Many in the industry sought to downplay the threat to other operators, insisting the action was targeted at BetonSports specifically and that online poker and casino are legal under current legislation. But sports betting companies appear vulnerable.
BetonSports and Mr Kaplan came under investigation in Missouri after a tip-off from a Western Union money transfer office in the state, which suspected wired funds were being used for online gambling. The case was pursued by the local office of the DoJ and the FBI, and will eventually be tried in St Louis. The indictment against the 11 individuals and four companies was handed down by a federal grand jury.
BetonSports has courted controversy before. Two years ago it bought the rights to the domain name gamcare.co.uk and gamcare.com and redirected people accessing these addresses who thought they were logging on to Gamcare, the support charity for problem gamblers to one of BetonSports' own websites. (The real address for Gamcare was gamcare.org.uk.) When charity officials found out, the company blamed an over-enthusiastic junior marketing executive.
While online gambling companies operate in a legally grey area in the US, no executive director of a UK company has been arrested before. There has been only one previous case of someone being tried and jailed in the US for running an illegal internet gaming business. Six years ago, Jay Cohen, the American former president of the World Sports Exchange, spent 20 months in prison for running an online and telephone sports betting operation from Antigua.
One theory in Washington was that the DoJ has been stung into taking a tougher line against individuals because of the high-profile campaign for new legislation to prevent internet gambling. Last week, the House of Representatives overwhelmingly passed a bill that would update existing laws to explicitly outlaw bets taken over the internet. It would also make it illegal for banks and credit card companies to make payments to online gambling sites.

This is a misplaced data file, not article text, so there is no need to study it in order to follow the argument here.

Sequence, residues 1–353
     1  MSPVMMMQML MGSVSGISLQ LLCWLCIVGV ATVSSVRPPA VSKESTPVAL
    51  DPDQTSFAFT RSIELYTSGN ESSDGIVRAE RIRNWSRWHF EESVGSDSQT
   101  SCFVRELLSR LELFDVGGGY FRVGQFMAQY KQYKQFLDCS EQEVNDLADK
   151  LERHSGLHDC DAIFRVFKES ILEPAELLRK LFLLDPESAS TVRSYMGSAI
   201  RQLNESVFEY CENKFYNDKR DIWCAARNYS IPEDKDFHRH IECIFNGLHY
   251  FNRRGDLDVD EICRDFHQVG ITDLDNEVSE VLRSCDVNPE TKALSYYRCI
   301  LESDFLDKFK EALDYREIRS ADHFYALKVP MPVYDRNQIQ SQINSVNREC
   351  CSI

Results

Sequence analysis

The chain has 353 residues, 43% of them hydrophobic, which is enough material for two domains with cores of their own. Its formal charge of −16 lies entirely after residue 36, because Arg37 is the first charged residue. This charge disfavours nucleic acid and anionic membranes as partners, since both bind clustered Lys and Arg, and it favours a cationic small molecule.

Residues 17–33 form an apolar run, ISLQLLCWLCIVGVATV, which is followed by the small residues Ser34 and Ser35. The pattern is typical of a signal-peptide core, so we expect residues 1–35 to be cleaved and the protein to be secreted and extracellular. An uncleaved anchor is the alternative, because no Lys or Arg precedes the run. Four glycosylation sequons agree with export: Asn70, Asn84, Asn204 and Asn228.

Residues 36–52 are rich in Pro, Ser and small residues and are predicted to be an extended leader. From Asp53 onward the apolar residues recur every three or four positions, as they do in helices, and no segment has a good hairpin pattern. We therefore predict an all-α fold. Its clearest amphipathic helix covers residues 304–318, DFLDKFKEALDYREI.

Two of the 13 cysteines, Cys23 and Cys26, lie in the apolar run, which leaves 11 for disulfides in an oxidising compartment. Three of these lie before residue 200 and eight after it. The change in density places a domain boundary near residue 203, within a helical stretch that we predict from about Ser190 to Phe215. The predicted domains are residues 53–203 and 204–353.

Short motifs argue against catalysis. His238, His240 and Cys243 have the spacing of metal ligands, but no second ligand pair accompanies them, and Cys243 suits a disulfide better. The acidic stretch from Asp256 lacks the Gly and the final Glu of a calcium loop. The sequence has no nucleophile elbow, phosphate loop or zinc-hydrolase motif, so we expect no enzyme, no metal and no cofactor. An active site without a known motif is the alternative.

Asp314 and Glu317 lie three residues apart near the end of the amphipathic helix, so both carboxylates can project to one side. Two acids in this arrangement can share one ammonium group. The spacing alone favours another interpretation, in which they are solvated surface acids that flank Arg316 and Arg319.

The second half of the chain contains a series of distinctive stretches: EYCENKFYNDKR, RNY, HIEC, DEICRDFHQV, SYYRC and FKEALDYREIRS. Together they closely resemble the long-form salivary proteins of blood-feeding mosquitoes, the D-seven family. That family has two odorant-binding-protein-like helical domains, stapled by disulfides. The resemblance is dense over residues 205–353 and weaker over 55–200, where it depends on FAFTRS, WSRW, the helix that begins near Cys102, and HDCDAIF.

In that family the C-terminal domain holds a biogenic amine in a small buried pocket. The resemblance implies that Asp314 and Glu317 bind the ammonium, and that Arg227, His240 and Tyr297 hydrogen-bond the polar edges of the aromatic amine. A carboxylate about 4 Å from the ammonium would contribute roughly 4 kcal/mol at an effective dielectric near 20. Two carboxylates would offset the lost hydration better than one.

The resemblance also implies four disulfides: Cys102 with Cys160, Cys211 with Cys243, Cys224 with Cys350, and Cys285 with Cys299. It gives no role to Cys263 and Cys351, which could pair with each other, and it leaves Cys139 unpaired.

The Republican congressman Bob Goodlatte, who sponsored the bill, said he welcomed the arrest of Mr Carruthers. "We are very encouraged the Justice Department is taking the signal that Congress is very serious about this problem."
But experts think that like other previous anti-gambling bills, the measure will fail to clear the Senate.
Mr Carruthers said in May: "In my view, if there is an unexpected accident everyone goes down with the ship, not just sports betting. There is no difference, in terms of the technicalities, in the minds of people who don't want online gambling if your are playing cards or betting on a game."
Suddenly, visiting the US becomes a high-stakes gamble for gaming sites' directors
Flying to the US has suddenly become a fraught affair for the host of City heavyweights who sit on the boards of any online gaming company with business across the Atlantic, following David Carruthers' arrest at Dallas airport.
Although the internet gaming industry was at pains to insist that BetonSports was being specifically targeted, privately many are concerned at the implications of the US authorities' first major attempt to flex its muscles in the multibillion-dollar gaming industry.
Bob Holt, the founder of the social housing group Mears, who was hired to lend credibility to the SportingBet board, admitted none of the company's directors had any plans to head Stateside. Nigel Payne, the chief executive, is a frequent US visitor and, like Mr Carruthers, has lobbied hard for the US to legalise online gaming.
"We're reviewing the situation daily but there are no plans at the moment [for any US travel]," Mr Holt said.
PartyGaming privately insists the incident is restricted to BetonSports' sports-betting activities - something the poker giant does not touch - but it has been caught up in the fallout. Michael Jackson, the outgoing Sage chairman who took on the PartyGaming chairmanship, and his fellow non-executive Brian Larcombe, the former chief of 3i, could compromise other businesses' activities by avoiding the US: Mr Larcombe sits on the board of Smith & Nephew, which has big operations in the US.